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Collected Essays: v. 2$
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Haym Soloveitchik

Print publication date: 2014

Print ISBN-13: 9781904113980

Published to Liverpool Scholarship Online: February 2021

DOI: 10.3828/liverpool/9781904113980.001.0001

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Introduction

Introduction

Chapter:
(p.219) Introduction
Source:
Collected Essays: v. 2
Author(s):

Haym Soloveitchik

Publisher:
Liverpool University Press
DOI:10.3828/liverpool/9781904113980.003.0011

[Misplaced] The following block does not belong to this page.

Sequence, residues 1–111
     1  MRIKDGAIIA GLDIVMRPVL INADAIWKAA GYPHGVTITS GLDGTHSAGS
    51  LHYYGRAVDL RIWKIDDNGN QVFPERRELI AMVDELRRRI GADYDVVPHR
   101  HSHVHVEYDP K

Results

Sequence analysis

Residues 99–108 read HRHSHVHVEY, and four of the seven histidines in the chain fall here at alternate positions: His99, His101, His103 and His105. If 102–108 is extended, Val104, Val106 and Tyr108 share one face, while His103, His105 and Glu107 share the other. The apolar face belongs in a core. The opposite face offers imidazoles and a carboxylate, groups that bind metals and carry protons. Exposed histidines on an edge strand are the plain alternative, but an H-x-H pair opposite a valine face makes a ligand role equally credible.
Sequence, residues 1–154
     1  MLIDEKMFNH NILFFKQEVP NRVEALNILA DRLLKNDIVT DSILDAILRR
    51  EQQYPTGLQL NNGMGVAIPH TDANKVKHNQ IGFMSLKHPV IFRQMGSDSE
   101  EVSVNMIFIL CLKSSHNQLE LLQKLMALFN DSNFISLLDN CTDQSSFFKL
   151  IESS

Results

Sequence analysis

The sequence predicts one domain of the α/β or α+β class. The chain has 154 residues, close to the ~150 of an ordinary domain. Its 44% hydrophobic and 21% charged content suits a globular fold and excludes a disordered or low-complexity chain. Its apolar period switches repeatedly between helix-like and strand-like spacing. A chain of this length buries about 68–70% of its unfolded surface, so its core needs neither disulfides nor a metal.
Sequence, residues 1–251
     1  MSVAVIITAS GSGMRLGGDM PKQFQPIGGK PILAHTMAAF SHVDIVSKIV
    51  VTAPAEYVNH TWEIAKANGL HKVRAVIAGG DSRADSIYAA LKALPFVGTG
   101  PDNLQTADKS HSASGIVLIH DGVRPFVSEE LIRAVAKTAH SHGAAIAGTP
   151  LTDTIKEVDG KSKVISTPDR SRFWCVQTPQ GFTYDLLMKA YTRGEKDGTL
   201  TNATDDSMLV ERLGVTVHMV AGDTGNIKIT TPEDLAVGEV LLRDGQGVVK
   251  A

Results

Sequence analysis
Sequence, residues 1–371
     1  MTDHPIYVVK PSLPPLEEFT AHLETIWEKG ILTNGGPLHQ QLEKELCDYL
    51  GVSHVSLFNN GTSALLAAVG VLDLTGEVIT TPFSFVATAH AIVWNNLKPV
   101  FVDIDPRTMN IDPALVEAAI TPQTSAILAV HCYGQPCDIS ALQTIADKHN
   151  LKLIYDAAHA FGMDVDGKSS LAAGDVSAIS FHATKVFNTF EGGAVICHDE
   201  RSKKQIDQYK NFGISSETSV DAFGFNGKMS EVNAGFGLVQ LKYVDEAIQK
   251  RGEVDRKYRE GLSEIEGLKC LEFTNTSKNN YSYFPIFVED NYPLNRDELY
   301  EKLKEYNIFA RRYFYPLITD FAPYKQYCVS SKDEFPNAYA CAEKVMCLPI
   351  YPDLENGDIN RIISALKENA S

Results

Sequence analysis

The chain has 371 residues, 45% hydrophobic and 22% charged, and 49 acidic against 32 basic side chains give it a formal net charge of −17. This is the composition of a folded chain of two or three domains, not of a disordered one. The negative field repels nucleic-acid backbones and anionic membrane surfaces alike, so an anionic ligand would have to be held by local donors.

AS NOTED IN THE PREFACE, both my article on Iggeret ha-Shemad, which I wrote as an undergraduate, and that on martyrdom in Ashkenaz, composed a decade or so ago, employ the same criterion of ‘measurable deflection’ to discern whether something extraneous to the halakhic system is impinging upon the thought of a halakhist. That is to say, in order to avoid a simplistic sociology of law that attributes, with little ado, legal conclusions to personal inclinations or some social or economic need, one must be able to point to some uncharacteristic flaw, or, at the very least, some measurable swerve in the line of argument that would indicate the operation of a force deflecting the author’s analysis from its normal course and leading him to unexpected conclusions. Unsurprisingly, this yardstick plays a significant role in other studies of mine published in the intervening years, such as ‘Can Halakhic Texts Talk History?’ and ‘Pawnbroking: A Study in ...

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